Publication Flowchart for Academics

Introduction: Publication Flowchart for Academics

About: Some days you just wake up and smell the coffee!

This is a rebuilding of a publication flowchart which arose on my Twitter page a while ago that one may use to manage numerous academic projects. I've shrunk it down to a smaller version for use at a student's desk. Initial credit for my finding it is to Cesar A. Hidalgo, director of the Collective Learning group at MIT as of this writing.

Those who have published peer-reviewed research know that the publication is as much as journey as the research. This flowchart shows general project progress and creates a visual aid for pulling projects through!


Whiteboard (I used a small one from Staples)


Permanent markers (Black, Red)

Dry Erase Marker


Tape (Masking and Scotch)


Printer Paper (or Post-Its for Color!)

Step 1: Step 1: Markup

Using a Dry-Erase Market, Measure out your board to block it in the manner shown in the figure. I chose to do mine as a simple line drawing, but you can adjust yours to your taste!

The arrows are general, but the idea is simple- keep all your projects on the outside edge. The 'natural flow' should start at drafting and move clockwise to marketing your new publications!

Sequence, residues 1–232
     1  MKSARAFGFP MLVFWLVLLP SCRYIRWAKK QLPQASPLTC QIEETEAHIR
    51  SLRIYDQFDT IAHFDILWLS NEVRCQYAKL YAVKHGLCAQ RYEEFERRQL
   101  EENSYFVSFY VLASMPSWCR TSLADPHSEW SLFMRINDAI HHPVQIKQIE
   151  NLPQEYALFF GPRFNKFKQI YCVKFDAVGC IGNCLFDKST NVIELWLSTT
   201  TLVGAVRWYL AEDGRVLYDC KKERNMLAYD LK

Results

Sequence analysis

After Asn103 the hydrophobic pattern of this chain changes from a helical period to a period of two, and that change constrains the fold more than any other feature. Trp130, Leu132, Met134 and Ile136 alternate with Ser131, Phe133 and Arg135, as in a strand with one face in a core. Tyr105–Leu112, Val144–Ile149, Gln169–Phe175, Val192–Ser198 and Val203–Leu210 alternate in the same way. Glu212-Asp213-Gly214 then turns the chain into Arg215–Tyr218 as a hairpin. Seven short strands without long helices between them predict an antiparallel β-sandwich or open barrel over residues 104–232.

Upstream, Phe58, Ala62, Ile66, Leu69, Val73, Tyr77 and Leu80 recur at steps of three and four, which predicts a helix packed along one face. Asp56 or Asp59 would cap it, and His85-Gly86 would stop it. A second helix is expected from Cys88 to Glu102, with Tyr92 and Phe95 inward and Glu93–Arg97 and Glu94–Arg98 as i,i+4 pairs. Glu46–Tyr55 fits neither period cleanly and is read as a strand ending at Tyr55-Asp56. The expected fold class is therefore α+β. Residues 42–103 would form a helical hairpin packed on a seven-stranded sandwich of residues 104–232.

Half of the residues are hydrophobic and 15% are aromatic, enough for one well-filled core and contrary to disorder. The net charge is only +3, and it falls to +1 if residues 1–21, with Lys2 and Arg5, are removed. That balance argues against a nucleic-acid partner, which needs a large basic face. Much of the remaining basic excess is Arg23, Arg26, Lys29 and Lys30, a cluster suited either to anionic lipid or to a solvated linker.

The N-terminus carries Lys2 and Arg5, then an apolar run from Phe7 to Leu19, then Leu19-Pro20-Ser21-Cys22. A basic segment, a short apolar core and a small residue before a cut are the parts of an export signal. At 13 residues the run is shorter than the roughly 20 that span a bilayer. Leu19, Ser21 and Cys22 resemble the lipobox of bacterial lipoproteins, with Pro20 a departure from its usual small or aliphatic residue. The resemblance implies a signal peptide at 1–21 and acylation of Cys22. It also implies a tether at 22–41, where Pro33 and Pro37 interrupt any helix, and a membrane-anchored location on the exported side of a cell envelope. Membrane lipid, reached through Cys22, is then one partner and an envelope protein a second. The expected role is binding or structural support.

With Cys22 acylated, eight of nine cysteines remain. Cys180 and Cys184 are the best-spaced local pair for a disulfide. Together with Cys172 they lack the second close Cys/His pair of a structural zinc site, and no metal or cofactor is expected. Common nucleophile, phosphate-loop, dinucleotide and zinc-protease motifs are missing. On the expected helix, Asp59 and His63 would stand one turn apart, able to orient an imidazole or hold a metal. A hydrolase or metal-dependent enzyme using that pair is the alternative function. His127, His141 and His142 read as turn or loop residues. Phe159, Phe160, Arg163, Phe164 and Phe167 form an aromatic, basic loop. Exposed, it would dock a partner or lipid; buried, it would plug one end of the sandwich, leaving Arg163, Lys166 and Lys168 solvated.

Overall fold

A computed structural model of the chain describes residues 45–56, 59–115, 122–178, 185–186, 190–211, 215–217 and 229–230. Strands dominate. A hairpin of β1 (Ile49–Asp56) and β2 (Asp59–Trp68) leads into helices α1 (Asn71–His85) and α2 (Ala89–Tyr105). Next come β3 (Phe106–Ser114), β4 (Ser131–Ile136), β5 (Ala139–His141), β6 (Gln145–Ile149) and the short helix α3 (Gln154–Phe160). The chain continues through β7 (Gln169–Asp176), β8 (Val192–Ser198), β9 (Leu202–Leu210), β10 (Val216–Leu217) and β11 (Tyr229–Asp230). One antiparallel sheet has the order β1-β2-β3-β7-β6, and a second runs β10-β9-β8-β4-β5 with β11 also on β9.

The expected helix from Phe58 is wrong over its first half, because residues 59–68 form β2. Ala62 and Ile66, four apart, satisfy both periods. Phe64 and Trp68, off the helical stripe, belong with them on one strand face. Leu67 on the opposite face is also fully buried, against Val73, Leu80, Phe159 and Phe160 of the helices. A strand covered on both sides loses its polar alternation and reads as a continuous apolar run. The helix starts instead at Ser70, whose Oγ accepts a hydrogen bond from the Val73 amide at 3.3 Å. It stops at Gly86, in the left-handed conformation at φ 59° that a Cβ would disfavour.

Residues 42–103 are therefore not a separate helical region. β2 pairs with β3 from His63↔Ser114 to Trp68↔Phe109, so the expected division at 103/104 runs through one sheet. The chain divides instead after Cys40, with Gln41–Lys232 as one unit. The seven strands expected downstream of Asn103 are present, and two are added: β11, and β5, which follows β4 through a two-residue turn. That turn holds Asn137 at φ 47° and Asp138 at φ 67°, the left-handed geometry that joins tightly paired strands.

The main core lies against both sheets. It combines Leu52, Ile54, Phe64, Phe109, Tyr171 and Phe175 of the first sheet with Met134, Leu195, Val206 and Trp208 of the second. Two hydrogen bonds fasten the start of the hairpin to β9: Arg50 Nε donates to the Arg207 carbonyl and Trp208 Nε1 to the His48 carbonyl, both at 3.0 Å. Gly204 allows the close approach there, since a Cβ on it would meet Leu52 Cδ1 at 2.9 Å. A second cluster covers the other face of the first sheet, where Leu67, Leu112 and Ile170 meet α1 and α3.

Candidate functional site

Step 2: Step 2: Commit

Once you have a dry-erased template you like, take a sharpie and mark it on the board to fix it permanently! (You can omit this step, but I would advise against it as you'll be moving projects a LOT on this!)

I left a block on the bottom left for notes and a project tag holder which we'll add later!

Step 3: Step 3: Print Labels and Affix on the Board

You can handwrite your labels, but there's something quirky about label makers which I enjoy. So I printed out the labels for the sections.

Refer to the posting on Step 1 for the box titles. Below is a suggested list of labels:





Under Review




Peer Comments

Notes (Optional)

Publication Flowchart (Optional)

Step 4: Step 4: Optional Project Tag Envelope

I do a few projects, so I figured having a tag supply with this board would be useful. In the future I'll use colored post-it tags or similar, but for now, I sliced up some paper. A small envelope was taped to the board with masking tape on the back and scotch tape to reinforce the sides. I also labelled this as well!

Step 5: Step 5: Put It in Practice!

Once you have it together, its simply a matter of moving the projects through the process! A huge thank you to the #Chemtwitter community for inspiring this build. With that, back to work! And to all reading this, best of luck with research!

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    3 years ago

    Thanks for sharing this resource! Looks like an excellent way to organize and manage multiple projects.